Building Access Agreement Sample

Owners should avoid access agreements that establish permanent conditions or leave the concept of indefinite duration. An indeterminate agreement purports to remain in force “in the future” (or similar denominations), while an indeterminate agreement does not identify a specific clause or purports to remain in force as long as the provider provides services, is allowed to do business, etc. However, it is not clear whether any of these competition-enhancing regulatory systems apply to FTTP in buildings that are decades old. As part of these efforts, the FCC established the concept of a “demarcation point,” defined as the boundary between the deregulated inner wire, controlled by the building owner, and the ilec facilities regulated outside the NSS. While the demarcation point was clear in single-family homes, multi-tenant buildings were problematic, for example, where client space could be on the tenth floor, but ILEC wiring entered the building through the basement. To address these issues, the FCC has defined the minimum entry point (DPM) as either the closest practical point to where the wiring crosses a property line, or as the closest convenient point where the wiring enters a multi-unit building. However, the FCC did not require that several demarcation points for participants be within an MDU or AN MTE at DMPOE. On the contrary, the demarcation point for public housing should be established in accord with the “reasonable and non-discriminatory practices” of ILEC. In buildings built after August 13, 1990, ILEC was authorized, but not required to establish “a reasonable and non-discriminatory practice of locating the demarcation at D YEAR`s.” IlECs were able to exploit the ambiguities in the rules by refusing to determine exactly where their MTE/MDU facilities ended and where the owner`s reign began. Until the location of the demarcation point could be determined with certainty, the CLECs were not able to negotiate directly with the owners the use of the house wiring. Given the multiplicity of suppliers, which are increasingly seen as indispensable, it is all the more important that mDU owners structure their construction access agreements in a way that maximizes their long-term value, so that their buildings do not become monopolistic tenecks that benefit the established company and no one else.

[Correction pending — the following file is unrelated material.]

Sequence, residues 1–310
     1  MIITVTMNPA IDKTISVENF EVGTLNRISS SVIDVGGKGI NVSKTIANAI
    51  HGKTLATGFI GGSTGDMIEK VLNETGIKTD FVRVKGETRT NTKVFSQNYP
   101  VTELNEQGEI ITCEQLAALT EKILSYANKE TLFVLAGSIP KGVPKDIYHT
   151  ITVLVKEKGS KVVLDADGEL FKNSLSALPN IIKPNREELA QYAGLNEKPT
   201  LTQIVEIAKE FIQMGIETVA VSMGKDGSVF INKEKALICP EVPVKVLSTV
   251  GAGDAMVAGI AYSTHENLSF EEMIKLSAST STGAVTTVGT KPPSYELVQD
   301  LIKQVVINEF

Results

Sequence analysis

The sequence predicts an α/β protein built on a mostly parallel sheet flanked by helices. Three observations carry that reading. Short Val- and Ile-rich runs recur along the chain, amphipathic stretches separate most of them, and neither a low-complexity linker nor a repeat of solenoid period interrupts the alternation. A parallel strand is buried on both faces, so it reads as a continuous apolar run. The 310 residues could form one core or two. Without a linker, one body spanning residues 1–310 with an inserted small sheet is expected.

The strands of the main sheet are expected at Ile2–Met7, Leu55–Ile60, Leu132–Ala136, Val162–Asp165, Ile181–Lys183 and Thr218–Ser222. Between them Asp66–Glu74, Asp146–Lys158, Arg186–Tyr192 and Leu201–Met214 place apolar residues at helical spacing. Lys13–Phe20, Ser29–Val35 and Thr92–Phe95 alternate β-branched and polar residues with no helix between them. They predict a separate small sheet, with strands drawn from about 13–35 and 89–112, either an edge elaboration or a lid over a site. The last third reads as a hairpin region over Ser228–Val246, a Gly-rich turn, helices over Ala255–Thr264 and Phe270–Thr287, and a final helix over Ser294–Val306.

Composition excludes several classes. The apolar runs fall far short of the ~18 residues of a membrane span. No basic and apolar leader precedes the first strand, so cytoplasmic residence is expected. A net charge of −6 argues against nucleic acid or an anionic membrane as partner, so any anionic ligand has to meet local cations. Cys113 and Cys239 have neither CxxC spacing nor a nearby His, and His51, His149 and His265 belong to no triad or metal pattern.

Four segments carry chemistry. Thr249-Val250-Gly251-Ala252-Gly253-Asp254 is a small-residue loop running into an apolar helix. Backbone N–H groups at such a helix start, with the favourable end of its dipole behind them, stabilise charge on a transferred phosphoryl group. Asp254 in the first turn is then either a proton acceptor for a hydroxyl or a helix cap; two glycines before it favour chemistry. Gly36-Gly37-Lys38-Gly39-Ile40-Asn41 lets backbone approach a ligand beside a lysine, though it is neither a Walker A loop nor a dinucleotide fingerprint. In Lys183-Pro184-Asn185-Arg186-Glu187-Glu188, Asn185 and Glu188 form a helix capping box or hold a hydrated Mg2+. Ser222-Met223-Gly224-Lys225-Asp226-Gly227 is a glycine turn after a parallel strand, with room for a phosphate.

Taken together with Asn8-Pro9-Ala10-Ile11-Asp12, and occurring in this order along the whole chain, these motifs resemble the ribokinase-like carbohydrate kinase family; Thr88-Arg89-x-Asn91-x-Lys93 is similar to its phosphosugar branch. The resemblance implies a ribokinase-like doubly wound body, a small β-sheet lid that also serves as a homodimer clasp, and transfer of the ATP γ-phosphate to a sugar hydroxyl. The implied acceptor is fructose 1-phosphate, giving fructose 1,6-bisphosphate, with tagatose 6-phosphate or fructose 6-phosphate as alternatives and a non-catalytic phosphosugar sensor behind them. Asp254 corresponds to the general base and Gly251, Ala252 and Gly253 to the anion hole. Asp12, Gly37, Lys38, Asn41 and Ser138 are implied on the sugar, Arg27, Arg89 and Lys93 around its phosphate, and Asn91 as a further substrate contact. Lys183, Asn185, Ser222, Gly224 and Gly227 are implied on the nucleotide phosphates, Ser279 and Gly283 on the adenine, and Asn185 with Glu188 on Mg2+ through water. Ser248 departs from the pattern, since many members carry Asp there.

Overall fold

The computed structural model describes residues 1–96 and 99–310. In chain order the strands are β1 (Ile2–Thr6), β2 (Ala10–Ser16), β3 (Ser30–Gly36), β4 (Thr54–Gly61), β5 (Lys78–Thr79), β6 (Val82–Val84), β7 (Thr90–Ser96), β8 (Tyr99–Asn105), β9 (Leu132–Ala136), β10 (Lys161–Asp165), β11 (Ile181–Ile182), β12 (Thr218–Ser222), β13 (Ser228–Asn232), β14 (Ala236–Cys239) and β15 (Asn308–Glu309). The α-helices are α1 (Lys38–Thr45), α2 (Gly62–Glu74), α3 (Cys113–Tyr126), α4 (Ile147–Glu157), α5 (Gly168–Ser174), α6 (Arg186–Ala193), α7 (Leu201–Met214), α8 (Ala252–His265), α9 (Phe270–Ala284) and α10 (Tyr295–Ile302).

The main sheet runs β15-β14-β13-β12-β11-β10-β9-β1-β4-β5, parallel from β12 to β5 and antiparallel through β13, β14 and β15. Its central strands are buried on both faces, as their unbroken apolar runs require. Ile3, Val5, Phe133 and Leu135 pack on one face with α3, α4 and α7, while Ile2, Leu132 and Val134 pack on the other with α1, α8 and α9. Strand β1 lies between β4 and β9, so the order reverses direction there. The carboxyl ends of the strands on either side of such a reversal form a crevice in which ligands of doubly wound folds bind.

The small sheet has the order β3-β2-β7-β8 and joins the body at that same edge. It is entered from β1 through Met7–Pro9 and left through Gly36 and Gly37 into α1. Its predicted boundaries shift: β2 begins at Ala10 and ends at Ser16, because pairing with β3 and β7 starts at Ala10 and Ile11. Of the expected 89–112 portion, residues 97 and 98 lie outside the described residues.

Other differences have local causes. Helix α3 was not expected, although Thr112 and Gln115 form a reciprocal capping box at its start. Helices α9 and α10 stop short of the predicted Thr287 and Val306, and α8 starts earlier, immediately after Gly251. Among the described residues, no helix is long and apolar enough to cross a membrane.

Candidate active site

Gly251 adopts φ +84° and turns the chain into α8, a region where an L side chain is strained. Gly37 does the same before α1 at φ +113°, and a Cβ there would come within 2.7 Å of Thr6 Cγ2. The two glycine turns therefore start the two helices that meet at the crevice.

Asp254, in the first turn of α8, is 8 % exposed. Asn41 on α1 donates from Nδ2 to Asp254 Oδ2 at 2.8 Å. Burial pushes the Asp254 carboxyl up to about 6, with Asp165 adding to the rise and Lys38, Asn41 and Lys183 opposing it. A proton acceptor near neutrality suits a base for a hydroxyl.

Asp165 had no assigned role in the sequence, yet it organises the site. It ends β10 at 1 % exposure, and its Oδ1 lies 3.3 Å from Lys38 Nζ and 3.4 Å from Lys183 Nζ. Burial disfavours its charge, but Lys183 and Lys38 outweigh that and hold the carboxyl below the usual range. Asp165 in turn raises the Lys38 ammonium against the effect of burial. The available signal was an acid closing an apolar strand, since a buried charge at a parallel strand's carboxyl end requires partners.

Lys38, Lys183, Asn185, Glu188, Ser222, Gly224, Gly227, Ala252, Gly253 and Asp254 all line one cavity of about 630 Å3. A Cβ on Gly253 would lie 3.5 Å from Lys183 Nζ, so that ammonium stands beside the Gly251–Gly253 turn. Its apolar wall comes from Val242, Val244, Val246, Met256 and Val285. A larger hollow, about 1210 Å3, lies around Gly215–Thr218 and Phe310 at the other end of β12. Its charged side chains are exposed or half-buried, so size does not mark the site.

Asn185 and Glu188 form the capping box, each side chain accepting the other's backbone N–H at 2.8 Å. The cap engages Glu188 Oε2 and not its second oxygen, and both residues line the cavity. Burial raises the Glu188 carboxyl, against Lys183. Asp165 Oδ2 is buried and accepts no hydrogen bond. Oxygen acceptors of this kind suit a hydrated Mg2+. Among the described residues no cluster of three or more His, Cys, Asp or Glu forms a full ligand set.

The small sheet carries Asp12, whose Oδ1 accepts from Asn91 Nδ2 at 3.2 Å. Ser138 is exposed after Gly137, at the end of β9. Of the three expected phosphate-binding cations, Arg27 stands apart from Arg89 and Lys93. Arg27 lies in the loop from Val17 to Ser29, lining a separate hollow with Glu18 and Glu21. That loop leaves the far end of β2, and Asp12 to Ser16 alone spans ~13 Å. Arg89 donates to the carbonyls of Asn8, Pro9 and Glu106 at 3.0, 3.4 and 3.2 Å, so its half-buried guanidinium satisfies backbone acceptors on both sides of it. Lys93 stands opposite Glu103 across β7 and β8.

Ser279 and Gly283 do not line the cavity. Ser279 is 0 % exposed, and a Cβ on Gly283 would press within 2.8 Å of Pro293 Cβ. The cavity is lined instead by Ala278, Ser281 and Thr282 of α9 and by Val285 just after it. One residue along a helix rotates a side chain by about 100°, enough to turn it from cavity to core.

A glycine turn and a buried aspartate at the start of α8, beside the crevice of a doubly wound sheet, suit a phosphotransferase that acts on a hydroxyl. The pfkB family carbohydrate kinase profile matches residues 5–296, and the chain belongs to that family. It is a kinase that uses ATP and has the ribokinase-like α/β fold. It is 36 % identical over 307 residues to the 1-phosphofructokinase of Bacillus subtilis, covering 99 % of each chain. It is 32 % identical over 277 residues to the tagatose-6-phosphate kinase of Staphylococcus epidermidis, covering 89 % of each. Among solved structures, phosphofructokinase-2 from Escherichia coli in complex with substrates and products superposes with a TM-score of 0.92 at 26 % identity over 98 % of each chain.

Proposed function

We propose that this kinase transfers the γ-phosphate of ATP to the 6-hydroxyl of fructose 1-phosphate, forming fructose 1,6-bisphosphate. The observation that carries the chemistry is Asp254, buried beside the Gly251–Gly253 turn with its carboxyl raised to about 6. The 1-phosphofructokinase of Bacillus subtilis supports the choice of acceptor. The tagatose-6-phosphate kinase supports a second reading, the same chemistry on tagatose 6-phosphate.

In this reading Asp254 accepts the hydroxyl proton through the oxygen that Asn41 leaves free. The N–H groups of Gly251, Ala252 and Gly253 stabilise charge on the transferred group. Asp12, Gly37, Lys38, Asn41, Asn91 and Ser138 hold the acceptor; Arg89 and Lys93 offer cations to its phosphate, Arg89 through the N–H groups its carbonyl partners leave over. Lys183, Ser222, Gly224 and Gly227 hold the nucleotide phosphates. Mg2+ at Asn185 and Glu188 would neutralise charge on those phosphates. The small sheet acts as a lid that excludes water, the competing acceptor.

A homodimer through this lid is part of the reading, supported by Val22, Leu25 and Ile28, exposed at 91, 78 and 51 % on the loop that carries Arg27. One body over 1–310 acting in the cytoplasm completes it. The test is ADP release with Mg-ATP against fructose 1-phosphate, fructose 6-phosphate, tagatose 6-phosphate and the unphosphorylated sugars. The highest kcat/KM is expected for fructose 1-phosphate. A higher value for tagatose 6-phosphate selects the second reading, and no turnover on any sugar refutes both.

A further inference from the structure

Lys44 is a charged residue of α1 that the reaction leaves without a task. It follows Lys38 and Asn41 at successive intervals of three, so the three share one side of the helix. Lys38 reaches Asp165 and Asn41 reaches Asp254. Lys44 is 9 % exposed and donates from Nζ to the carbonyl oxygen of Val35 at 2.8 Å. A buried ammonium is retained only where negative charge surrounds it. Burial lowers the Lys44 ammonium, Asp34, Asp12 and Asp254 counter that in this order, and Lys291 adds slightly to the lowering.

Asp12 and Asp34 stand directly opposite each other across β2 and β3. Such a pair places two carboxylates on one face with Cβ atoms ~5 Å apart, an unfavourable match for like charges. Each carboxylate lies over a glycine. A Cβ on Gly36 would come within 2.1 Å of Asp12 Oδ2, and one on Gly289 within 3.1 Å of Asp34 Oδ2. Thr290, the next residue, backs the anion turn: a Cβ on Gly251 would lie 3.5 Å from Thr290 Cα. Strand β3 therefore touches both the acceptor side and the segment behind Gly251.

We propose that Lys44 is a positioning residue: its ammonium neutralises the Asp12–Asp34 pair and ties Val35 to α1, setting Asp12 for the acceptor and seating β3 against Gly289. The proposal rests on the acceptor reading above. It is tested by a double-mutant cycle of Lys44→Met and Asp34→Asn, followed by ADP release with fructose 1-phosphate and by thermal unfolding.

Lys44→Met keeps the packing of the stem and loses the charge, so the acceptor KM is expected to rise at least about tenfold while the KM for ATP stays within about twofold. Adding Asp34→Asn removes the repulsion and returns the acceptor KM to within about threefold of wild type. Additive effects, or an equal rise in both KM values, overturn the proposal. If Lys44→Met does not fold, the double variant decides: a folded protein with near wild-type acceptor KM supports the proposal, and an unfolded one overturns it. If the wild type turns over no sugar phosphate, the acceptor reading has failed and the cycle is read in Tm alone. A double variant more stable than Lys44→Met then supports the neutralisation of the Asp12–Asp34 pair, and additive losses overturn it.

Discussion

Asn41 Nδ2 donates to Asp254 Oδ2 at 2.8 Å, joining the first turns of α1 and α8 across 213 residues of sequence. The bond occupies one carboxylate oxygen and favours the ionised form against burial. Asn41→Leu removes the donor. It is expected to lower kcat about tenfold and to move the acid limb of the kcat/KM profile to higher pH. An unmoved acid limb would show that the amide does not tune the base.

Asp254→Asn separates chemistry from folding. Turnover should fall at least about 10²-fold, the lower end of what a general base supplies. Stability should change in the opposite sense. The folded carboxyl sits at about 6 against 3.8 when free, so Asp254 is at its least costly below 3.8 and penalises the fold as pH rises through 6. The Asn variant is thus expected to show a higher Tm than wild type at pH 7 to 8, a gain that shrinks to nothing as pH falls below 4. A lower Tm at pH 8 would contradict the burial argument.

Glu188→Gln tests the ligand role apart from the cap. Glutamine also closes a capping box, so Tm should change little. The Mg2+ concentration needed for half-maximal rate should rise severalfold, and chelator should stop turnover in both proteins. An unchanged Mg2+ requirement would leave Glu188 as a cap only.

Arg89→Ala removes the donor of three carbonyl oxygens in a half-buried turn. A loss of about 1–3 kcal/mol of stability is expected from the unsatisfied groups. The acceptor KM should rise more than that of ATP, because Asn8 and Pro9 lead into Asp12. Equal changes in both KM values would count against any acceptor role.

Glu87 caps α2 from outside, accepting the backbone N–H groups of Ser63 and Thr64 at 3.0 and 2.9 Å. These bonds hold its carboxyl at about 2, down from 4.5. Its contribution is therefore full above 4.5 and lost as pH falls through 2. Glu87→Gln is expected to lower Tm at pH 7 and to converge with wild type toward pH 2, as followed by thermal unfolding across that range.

Another category of public law includes a wide range of prohibitions or restrictions on MDU access agreements with telecommunications operators that, explicitly or implicitly, would create barriers to competitive access by other telecommunications operators to MDU residents. The reason is that it is not wise to invest in the wiring of a property only to sell against one or more other suppliers in a single building or complex.

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